Good news for the Coalition in latest ‘Irish Times’/IpsosMRBI poll
Sinn Féin’s ambition to lead the next government is kept alive by the these findings
Sighs of relief will have been heard in Government Buildings as the latest Irish Times/IpsosMRBI opinion poll showed some recovery in support for both Fine Gael and the Labour Party. This followed record low ratings for both parties last December, fuelled by public hardship and protests over water charges. Of particular significance was an increase of eight points in the Government’s satisfaction rating, reflecting growth in employment and a positive economic outlook.
Sinn Féin’s ambition to lead the next government was kept alive by the these findings. In spite of consistent negative publicity regarding the handling of sexual abuse cases by the republican movement, the party increased its support by two points and now lies level with Fine Gael at 24 per cent. The news for Fianna Fáil is likely to cause Micheál Martin sleepless nights. Support for the party fell by four points to 17 per cent, the lowest in almost three years and the kind of performance that encourages backbench unrest.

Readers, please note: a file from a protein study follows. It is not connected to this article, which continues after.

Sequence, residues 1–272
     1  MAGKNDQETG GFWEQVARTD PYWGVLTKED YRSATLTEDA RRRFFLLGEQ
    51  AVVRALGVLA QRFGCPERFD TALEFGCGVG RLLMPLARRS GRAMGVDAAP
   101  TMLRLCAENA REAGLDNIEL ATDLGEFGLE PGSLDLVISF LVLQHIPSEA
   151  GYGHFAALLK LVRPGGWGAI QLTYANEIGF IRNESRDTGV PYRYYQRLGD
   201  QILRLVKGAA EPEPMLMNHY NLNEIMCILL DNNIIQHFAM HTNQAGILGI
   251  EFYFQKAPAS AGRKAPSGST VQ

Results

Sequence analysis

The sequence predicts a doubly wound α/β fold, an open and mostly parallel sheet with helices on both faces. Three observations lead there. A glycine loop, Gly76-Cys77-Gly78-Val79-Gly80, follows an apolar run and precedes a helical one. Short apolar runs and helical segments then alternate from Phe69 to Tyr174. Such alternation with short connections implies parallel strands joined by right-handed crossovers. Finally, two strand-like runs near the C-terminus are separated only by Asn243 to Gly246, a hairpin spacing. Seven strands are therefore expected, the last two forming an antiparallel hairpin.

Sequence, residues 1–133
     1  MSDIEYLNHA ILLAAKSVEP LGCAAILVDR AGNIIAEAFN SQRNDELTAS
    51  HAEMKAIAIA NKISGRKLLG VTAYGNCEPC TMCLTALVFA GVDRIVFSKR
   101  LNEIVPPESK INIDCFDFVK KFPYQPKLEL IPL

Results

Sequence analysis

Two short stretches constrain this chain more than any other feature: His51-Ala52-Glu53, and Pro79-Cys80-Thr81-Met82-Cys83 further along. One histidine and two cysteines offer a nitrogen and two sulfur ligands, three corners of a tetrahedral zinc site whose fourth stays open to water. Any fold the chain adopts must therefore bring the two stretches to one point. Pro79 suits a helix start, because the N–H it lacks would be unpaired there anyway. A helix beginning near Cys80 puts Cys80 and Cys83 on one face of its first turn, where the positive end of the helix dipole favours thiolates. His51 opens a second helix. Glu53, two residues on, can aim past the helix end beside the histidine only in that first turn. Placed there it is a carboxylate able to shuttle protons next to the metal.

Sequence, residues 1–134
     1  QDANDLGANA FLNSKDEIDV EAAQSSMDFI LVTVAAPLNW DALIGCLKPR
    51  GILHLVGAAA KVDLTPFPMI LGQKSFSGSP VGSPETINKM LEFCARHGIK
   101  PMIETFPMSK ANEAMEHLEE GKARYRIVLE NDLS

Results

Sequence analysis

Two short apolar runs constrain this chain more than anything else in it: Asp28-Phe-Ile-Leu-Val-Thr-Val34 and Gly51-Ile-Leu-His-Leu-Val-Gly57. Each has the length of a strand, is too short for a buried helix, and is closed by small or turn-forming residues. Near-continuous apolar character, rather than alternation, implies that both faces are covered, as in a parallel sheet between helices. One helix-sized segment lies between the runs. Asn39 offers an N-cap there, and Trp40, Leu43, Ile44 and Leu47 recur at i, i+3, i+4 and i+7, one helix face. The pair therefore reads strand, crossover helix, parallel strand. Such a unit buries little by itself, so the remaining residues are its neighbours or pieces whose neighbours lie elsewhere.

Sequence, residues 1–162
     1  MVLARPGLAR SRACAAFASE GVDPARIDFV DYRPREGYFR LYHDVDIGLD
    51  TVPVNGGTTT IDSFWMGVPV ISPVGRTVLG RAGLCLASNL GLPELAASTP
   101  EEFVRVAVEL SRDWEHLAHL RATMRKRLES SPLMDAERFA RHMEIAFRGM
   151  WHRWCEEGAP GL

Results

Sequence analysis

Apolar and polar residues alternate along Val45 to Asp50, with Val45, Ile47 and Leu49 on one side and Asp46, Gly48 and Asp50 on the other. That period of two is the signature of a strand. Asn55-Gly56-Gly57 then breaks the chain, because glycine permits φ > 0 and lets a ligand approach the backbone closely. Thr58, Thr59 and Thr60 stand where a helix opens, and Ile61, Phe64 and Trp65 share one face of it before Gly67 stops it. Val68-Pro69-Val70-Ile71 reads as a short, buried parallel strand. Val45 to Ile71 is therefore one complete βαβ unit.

The survey did not seek to establish the share of voter support for Renua, a party led by Lucinda Creighton. But support for “Independents and Others”, including the Green Party, has fallen by four points to 28 per cent since December, even as the disparate grouping retains a dominant position in Dublin. Nationally, support for Fine Gael has risen by five points and by a single point for the Labour Party. Within Dublin, Labour Party support rose by four points to ten per cent and Fine Gael’s by five points to 25 per cent. Sinn Féin support fell by five points to 16 per cent in the capital while Fianna Fáil support declined by two points to 13 per cent.
The volatility of the electorate is as striking as the political fault lines that separate the “haves” from the “have nots”. Fine Gael, Independents and Fianna Fáil attract almost eighty per cent of the top income vote while Sinn Féin and Independents take 57 per cent of the lowest income category. A reversal in support among farmers also emerged with Fianna Fail losing out to Fine Gael as prices and prospects in the sector recovered.
The poll’s findings on the personal standing of the party leaders offer further cheer to the Coalition parties and little comfort to the Opposition. Tánaiste Joan Burton attracted the highest personal satisfaction rating at 31 per cent, a rise of six points, while Taoiseach Enda Kenny gained nine points to stand at 28 per cent. Support for Gerry Adams remained static at 26 per cent, having fallen by nine points in December at the time of the Mairia Cahill rape controversy. Satisfaction with the leadership of Micheál Martin fell by a single point to 24 per cent. Because political attitudes in Dublin tend to lead the rest of the country, the Government parties can hope their fortunes will improve further with the economy.